SafeHouse Center
24/7 HelpLine: 734-995-5444
If you are in immediate danger, call 911.
Linea de Apoyo de 24 horas: 734-995-5444
Si esta en grave peligro, llame a 911.
SafeHouse Center SPEAKS OUT
Giving a voice to our survivors and advocates.

My Response to Recent Events of Racial Injustice

Wednesday, June 3rd, 2020

By Barbara Niess-May, SafeHouse Center Executive Director

Dear SafeHouse Center Supporters,

I am writing to those of you who support SafeHouse Center – our valued volunteers, donors, board members, and community partners.

In the spirit of what SafeHouse Center stands for, I condemn the acts of violence and racial injustice that are being perpetrated against people of color in communities across the country.  The known and unknown acts are rooted in racism and we as a community must work together to do better. 

I often struggle with what to say when injustice happens.  Most often, it’s because I can’t believe that we live in a modern society that continues to condone and cover racism.  However, I can believe one fact on why this continues to happen over and over again.  Despite the fact that we live in a multicultural society, everyone is taught at a very young age about difference based on skin color.  Our media and societal messages perpetuate the lie that people of color are less than white people.  That is not true.  Yet, as a society, we make it our belief.  And, we do not attempt practices to unlearn these beliefs and thus unlearn the behavior.  White people benefit from racism.  And white people, I strongly encourage your reading the book “White Fragility.”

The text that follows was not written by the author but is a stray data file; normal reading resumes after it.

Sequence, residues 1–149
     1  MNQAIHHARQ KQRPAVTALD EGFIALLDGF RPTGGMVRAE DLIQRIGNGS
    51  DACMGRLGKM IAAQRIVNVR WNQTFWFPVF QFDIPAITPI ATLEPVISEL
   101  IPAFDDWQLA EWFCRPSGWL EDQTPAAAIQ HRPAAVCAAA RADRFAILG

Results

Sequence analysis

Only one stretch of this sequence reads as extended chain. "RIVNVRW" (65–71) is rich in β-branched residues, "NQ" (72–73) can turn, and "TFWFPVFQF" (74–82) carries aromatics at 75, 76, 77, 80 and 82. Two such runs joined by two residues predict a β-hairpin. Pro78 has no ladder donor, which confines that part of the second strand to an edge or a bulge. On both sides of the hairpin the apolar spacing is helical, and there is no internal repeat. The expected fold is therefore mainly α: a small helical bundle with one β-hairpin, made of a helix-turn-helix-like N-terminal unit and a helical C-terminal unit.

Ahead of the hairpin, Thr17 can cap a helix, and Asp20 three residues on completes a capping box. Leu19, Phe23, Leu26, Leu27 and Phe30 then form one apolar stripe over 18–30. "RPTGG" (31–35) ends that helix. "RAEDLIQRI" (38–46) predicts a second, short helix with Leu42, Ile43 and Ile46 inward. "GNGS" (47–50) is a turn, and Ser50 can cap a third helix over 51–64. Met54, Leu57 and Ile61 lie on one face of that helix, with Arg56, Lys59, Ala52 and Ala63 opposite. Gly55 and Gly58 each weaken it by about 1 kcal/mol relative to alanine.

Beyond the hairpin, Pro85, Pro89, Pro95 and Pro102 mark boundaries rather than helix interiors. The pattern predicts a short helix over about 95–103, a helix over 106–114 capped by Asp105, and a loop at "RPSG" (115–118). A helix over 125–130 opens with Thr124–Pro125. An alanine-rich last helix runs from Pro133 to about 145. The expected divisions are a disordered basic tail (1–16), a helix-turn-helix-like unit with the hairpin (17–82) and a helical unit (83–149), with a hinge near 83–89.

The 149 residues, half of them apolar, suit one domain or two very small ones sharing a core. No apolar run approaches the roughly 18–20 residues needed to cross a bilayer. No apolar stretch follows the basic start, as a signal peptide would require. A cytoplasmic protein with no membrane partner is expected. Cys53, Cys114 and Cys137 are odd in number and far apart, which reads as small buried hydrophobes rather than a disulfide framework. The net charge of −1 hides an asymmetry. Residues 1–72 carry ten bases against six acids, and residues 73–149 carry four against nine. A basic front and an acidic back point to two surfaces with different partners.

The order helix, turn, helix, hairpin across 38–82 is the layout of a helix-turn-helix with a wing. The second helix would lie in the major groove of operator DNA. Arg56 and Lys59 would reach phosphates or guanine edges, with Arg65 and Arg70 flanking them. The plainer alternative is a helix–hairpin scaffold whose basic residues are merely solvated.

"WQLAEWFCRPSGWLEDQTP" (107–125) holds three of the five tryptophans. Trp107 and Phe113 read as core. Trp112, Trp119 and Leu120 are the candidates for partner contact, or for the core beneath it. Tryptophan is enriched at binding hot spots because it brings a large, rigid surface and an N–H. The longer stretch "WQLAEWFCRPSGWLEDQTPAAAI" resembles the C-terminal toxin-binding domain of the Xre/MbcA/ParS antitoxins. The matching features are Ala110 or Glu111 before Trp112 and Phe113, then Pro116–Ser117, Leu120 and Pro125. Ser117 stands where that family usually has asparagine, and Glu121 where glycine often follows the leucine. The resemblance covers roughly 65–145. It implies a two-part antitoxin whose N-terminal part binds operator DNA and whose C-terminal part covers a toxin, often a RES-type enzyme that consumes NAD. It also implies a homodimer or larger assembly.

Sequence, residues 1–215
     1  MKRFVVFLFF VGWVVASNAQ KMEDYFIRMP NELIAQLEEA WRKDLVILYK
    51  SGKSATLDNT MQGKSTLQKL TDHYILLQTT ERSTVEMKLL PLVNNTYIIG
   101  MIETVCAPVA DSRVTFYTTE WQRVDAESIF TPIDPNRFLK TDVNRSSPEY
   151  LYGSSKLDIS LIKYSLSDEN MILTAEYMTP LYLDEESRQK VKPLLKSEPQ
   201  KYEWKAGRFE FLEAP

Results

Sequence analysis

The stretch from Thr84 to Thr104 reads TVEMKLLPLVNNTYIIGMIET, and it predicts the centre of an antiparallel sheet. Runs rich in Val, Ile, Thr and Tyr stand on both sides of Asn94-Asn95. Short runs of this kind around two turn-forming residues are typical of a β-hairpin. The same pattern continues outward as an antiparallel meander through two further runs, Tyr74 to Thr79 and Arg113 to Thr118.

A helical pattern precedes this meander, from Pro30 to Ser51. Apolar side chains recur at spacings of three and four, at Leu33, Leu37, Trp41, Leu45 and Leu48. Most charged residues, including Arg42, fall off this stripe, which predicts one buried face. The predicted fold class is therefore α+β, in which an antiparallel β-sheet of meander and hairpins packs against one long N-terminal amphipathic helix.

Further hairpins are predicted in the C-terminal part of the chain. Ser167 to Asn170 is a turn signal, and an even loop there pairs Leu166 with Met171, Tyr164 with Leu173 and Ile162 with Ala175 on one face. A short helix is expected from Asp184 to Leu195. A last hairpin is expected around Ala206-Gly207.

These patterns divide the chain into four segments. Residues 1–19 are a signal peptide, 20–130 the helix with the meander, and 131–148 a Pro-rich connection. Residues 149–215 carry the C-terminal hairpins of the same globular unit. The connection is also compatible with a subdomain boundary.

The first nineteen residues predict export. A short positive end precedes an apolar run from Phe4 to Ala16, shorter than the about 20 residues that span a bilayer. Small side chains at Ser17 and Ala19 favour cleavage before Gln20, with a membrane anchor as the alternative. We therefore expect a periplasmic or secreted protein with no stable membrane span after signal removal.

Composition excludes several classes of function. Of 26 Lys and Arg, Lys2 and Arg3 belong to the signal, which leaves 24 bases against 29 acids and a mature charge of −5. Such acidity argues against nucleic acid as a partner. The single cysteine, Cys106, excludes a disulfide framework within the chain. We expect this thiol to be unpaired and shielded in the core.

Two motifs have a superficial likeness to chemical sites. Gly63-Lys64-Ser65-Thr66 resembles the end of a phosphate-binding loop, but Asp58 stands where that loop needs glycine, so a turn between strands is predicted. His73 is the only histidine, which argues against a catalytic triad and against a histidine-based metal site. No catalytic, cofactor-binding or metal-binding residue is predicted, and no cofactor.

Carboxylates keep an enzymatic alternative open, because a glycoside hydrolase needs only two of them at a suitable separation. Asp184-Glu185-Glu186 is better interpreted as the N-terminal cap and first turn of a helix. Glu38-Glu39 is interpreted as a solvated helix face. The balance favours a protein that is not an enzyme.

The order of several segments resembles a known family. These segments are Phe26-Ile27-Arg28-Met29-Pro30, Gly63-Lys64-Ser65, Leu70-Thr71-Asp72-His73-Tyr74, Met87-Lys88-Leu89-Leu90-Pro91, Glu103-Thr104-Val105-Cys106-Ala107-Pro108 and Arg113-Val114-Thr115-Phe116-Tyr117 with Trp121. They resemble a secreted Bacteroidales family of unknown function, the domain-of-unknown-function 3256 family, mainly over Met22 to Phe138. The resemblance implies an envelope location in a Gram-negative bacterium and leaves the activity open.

SafeHouse Center is not indifferent to racism.  Beyond the societal impact, we believe that it further entraps survivors of domestic violence and sexual assault.  We have had, and will probably forever continue to have our struggle with equity and justice in our organization.  But I promise we won’t stop working toward equity and justice.  I won’t forget George Floyd, Breona Taylor, Ahmaud Arbery, the list goes on to also include those who were targeted because of their race like Chris Cooper.   I see what happens.  I see you.

We acknowledge our law enforcement partners who stand with us every day in supporting survivors.  I can’t possibly imagine how this national issue is impacting all of them.  We need them, they need us, and together we can bring safety and justice for survivors.  I have heard them say many times, like us, there is a lot of work to be done. Just this morning our board member and Sheriff Jerry Clayton stated today:

We hear you and we stand with you.

For those wondering what this picture represents (National Black Out Day), it is one small statement of solidarity. To hear what so many are saying. To take time to listen, to reflect, to support, to work towards progress.

In closing, I am grateful for the support you provide on behalf of survivors of sexual assault and domestic violence.  It is meaningful in so many ways.  We are all in this….together.



Barbara Niess-May, MPA, MSW

Executive Director


SafeHouse Center